HENDERSON, Nev. (AP) — Republican Sen. Marco Rubio called Russian President Vladimir Putin a criminal on Saturday in a presidential campaign speech less focused on foreign and domestic policy than recounting his parents’ immigrant experience to voters in his childhood hometown.

“He is a dangerous person,” Rubio said of Putin, “and we should never be under any illusions as long as he runs that country.”

HENDERSON, Nev. (AP) — Republican Sen. Marco Rubio called Russian President Vladimir Putin a criminal on Saturday in a presidential campaign speech less focused on foreign and domestic policy than recounting his parents’ immigrant experience to voters in his childhood hometown.

“He is a dangerous person,” Rubio said of Putin, “and we should never be under any illusions as long as he runs that country.”

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Rubio revisits childhood in Vegas, calls Putin a criminal

HENDERSON, Nev. (AP) — Republican Sen. Marco Rubio called Russian President Vladimir Putin a criminal on Saturday in a presidential campaign speech less focused on foreign and domestic policy than recounting his parents’ immigrant experience to voters in his childhood hometown.

“He is a dangerous person,” Rubio said of Putin, “and we should never be under any illusions as long as he runs that country.”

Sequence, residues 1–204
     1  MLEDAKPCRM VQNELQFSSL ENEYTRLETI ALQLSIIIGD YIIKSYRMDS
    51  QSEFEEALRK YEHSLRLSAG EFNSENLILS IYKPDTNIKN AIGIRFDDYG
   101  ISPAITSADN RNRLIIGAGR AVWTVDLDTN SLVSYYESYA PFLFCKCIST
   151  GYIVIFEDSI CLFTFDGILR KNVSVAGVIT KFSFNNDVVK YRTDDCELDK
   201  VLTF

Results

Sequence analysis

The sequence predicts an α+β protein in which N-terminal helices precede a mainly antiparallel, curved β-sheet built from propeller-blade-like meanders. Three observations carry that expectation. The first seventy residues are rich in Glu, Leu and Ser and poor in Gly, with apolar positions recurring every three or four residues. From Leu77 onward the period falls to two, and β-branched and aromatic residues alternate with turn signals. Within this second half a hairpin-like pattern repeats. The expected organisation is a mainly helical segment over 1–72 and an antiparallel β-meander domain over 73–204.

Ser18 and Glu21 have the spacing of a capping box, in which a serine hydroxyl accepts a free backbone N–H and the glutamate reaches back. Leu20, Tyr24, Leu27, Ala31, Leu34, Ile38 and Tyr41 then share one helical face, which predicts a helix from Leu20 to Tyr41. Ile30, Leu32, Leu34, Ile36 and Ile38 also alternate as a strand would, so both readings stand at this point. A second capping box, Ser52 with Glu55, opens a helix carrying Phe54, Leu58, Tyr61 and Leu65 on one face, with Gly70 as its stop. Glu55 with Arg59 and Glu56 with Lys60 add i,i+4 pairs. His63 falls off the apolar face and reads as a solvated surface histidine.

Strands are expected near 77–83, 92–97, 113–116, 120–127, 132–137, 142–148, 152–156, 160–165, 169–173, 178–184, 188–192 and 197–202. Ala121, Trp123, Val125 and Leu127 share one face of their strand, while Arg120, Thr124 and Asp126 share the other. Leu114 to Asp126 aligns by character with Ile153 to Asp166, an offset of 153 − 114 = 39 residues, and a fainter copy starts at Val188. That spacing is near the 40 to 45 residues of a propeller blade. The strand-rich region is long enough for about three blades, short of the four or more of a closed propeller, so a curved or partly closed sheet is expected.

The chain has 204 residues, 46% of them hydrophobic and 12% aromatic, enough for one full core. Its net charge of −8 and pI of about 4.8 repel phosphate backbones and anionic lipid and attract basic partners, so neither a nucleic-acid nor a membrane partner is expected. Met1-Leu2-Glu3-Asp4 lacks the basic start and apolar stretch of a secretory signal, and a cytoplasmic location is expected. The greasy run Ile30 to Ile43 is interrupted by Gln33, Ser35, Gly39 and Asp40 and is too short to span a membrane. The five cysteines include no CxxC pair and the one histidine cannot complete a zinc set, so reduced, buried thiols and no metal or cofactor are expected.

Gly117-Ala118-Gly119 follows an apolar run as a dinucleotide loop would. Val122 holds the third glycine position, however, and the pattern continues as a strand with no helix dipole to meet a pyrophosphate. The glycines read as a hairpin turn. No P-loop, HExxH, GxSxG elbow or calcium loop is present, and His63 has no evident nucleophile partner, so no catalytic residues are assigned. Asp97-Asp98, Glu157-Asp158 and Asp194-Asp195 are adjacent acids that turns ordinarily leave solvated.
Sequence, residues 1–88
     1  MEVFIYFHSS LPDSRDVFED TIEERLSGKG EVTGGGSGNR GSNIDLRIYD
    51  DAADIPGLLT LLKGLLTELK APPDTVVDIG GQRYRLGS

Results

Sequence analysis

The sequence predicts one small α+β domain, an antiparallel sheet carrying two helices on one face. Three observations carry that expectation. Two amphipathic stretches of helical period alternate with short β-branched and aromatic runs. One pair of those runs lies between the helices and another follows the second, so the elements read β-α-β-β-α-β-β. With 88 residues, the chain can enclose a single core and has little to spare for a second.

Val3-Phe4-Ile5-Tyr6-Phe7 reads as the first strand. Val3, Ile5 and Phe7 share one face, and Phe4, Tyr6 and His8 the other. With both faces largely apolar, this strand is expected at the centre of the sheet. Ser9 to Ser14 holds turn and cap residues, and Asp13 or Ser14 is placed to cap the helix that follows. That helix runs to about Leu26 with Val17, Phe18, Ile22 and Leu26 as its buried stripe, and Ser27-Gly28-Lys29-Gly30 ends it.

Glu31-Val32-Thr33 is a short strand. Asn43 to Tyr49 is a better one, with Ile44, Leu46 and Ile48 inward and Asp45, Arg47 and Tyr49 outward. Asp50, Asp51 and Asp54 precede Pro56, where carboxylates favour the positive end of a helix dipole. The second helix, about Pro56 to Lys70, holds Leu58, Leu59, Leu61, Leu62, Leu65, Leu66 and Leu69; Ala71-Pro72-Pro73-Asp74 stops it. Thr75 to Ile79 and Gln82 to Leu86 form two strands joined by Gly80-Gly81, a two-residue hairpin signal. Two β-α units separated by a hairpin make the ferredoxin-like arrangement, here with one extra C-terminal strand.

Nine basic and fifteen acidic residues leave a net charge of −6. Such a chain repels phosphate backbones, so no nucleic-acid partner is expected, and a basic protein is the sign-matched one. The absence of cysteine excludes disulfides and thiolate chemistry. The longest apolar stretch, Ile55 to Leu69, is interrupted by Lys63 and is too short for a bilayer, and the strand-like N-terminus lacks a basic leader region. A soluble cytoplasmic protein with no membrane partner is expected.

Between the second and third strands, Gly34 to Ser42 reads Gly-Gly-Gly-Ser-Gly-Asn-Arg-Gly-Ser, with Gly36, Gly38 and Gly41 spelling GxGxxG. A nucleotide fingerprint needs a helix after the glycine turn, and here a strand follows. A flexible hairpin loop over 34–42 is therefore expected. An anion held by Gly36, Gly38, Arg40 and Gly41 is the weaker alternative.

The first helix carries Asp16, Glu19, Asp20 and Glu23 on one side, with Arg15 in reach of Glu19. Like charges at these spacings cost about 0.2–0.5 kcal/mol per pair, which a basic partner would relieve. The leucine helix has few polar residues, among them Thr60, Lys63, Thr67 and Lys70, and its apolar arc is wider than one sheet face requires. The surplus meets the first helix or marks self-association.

When GOP presidential candidate Donald Trump visited Las Vegas on Saturday, he said he could be pals with Putin and that “I think we would get along very, very well.”

Rubio’s immigrant parents, who came to the U.S. from Cuba, found jobs in the casino industry in Las Vegas. The Florida Republican would visit Henderson, about a half-hour drive from Las Vegas, as a child.

“When I grew up, there was nothing out here but an ice skating rink,” he told an audience at a sprawling golf course and retirement community. Watching the nuclear war movie “War Games” as a child, he said he fretted when actor Mathew Broderick’s character picked Las Vegas for a target.

Rubio, 44, largely repeated the family story he related Friday to the Libertarian-leaning FreedomFest gathering in Las Vegas, saying that his parents embody the American dream and that he was indebted to the United States. Running for president is his way of repaying his obligation, he said.

Rubio received the most applause from the retirees when he vowed that as president he would make sure that “we will remain the single most powerful military force the world has ever known” by competing with other nations that are investing billions in new military technology.

He also elicited applause when he promised to repeal and replace President Barack Obama’s Affordable Care Act.

On a local issue, Rubio repeated his stance that Yucca Mountain in Nevada remains the only option for eventually storing the country’s nuclear waste. Many people in Nevada oppose the project, and its senior U.S. senator, Harry Reid, has vowed that Yucca Mountain not become the nation’s nuclear dump.

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